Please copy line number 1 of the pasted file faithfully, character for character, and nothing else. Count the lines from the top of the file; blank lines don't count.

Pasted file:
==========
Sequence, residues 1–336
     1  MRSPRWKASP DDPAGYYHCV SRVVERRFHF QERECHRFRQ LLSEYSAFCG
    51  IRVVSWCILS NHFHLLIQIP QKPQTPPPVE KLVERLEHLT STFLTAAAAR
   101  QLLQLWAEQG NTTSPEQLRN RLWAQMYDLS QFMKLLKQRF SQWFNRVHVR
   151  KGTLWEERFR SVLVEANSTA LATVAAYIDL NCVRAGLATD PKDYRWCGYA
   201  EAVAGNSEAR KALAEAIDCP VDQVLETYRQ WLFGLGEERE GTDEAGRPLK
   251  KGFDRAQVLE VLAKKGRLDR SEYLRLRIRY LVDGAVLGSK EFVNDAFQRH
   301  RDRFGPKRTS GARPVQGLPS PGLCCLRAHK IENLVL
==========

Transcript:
Sequence, residues 1–336